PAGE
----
Independent Human Rights Commission Warns Liberia Against Extraditing Alleged Sierra Leone Fugitives

Mohammed Toure

MONROVIA – The Chairperson of the Independent National Commission on Human Rights (INCHR) has issued a stern caution to the Liberian government, urging them to refrain from extraditing former Sierra Leone Chief Superintendent of Police, Mohammed Y. Toure.

Cllr. Dempster Brown, leading the INCHR, emphasized that Liberia lacks an extradition agreement with Sierra Leone, making the potential extradition of Toure legally questionable.

Extradition agreements are formal arrangements, often treaty-based, that allow for the mutual surrender of fugitives apprehended within the territories of the contracting parties.

On Sunday, August 6, Liberia’s government apprehended Mohammed Y. Toure, the former Chief Superintendent of Police of Sierra Leone, who stands accused of orchestrating a coup in his home country.

Cllr. Brown went on to issue a strong ultimatum, asserting that if the Liberian Police fail to bring the Sierra Leonean national before a court within twenty-four hours, he would proceed to file a writ of Habeas corpus.

Simultaneously, the INCHR Chairperson cautioned Liberia against complying with Sierra Leone’s request for Toure’s extradition, urging strict adherence to legal protocols.

Furthermore, Cllr. Brown implored the Liberian government to consider its international human rights obligations while deliberating on the extradition request.

Highlighting the legal context, Cllr. Brown emphasized that both Sierra Leone and Liberia are parties to numerous regional and international instruments, including the United Nations Convention against Transnational Organized Crime and the ECOWAS Convention on Extradition.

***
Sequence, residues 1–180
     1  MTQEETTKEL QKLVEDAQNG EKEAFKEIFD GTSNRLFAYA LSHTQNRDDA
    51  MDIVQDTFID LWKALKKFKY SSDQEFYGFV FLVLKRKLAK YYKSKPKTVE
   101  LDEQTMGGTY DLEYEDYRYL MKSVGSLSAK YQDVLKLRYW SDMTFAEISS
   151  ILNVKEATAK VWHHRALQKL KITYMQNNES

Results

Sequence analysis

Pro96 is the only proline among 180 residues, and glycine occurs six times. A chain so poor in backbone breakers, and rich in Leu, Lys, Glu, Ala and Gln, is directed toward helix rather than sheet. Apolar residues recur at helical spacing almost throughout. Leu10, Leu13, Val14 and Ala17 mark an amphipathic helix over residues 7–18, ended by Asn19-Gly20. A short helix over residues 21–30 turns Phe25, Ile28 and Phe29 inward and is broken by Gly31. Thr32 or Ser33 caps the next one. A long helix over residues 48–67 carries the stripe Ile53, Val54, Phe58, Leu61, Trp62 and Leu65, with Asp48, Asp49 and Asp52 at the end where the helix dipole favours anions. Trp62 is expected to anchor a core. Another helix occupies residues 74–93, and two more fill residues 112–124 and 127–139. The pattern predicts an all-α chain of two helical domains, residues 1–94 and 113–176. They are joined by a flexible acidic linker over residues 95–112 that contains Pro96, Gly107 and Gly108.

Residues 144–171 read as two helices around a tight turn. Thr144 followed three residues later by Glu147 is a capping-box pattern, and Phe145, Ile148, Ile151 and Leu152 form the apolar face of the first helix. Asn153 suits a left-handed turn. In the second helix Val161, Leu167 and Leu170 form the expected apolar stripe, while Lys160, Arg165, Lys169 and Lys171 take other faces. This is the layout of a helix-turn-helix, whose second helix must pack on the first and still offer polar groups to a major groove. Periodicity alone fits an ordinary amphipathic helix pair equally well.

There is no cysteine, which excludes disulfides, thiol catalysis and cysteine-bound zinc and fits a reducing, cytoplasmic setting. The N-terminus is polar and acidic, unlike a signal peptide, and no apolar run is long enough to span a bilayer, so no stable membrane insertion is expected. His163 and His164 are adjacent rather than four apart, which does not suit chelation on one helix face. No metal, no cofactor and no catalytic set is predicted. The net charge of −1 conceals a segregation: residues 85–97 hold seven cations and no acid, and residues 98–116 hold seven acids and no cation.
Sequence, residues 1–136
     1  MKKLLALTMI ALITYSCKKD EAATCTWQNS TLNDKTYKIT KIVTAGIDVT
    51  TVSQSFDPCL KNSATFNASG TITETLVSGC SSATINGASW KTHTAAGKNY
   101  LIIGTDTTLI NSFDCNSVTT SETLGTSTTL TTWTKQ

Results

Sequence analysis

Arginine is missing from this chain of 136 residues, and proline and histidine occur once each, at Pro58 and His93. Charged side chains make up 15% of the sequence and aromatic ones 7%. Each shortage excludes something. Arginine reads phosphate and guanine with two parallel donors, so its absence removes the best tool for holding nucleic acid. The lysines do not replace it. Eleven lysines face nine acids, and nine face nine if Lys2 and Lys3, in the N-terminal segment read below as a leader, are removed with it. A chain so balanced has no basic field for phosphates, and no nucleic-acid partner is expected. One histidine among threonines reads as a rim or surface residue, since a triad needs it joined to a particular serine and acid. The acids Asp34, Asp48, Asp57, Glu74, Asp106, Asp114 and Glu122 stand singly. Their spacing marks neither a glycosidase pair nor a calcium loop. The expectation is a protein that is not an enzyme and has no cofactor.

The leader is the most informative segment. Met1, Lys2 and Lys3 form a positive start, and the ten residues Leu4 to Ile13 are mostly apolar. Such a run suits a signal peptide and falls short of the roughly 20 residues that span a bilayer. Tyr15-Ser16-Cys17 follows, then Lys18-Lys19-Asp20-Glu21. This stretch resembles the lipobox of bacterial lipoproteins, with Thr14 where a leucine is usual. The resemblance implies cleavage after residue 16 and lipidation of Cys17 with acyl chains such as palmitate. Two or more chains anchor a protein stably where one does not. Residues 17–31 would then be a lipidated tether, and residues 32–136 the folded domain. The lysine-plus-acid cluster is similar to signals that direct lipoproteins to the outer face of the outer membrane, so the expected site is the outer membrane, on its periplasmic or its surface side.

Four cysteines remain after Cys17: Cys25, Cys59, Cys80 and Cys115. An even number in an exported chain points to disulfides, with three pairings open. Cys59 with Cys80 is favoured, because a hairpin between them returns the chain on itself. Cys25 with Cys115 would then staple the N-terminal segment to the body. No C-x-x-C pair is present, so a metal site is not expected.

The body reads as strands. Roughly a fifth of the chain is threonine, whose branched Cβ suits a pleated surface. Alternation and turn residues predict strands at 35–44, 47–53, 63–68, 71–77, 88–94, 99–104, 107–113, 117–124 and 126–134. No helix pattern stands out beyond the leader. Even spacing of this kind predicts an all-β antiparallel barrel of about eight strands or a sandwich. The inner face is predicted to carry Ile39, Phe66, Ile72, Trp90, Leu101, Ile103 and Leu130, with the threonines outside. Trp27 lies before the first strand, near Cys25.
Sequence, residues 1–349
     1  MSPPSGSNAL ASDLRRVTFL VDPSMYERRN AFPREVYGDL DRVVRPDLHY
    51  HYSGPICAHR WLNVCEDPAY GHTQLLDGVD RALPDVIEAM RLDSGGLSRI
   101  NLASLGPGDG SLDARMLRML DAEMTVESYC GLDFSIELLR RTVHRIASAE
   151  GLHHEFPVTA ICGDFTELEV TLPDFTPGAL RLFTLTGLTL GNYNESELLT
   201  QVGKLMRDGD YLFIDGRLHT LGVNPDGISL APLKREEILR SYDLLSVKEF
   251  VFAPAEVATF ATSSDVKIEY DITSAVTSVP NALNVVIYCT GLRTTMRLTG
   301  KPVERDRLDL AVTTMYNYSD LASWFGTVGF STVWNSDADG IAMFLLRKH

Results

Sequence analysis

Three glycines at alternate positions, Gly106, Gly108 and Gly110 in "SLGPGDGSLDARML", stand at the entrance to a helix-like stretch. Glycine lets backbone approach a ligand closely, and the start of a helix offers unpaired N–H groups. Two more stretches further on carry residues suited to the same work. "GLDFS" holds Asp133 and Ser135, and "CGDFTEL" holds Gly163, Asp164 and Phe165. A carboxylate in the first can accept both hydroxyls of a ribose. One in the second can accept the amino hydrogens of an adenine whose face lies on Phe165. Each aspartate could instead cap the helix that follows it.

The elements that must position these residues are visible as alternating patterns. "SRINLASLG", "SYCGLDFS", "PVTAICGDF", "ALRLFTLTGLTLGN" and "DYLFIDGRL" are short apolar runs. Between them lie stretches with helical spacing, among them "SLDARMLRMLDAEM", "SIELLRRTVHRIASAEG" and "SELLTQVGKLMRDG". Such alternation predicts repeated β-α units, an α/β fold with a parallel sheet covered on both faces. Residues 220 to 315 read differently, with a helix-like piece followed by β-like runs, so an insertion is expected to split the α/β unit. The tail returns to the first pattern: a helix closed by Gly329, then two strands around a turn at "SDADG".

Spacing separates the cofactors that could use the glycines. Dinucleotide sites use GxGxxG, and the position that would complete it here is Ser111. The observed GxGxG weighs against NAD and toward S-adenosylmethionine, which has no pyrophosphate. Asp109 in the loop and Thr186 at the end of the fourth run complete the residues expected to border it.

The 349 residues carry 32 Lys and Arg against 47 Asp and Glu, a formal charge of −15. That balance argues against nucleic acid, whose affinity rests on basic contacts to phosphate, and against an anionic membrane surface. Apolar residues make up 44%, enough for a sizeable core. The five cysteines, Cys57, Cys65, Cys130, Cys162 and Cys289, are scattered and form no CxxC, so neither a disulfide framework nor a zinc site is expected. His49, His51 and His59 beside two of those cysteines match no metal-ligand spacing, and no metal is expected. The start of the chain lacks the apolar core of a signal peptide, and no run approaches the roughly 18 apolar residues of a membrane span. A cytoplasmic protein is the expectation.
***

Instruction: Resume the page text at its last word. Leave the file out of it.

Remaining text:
He underscored that Liberia’s commitment to the 1969 OAU Convention must be upheld, particularly Article 2(3), which mandates the country not to return an individual who, due to well-founded fears, refuses to go back to their country of origin.

However, in a press release, the Government of Liberia announced its decision to comply with Sierra Leone’s request to extradite Mohammed Y. Toure, also known as “Sankoh Paul Alimamy” and “Yeate Yeate.”

According to the Liberian authorities, Toure was detained by Liberian security forces in Monrovia based on allegations of conspiring in subversive activities aimed at overthrowing President Julius Maada Bio’s government in Sierra Leone.

Following initial investigations within Liberia, and considering assurances from the Sierra Leonean government regarding the accused’s rights to a fair trial, Liberia concluded that handing over Mr. Toure to Sierra Leone was appropriate.

Liberia maintains that the extradition aligns with its domestic laws and the 1986 Non-Aggression Security Treaty between Liberia, Sierra Leone, and Guinea. The government also asserts that the decision adheres to the 1994 ECOWAS Convention.

As the situation unfolds, Liberia’s adherence to international law and human rights obligations remains central to the ongoing discourse surrounding the extradition of the alleged fugitive.

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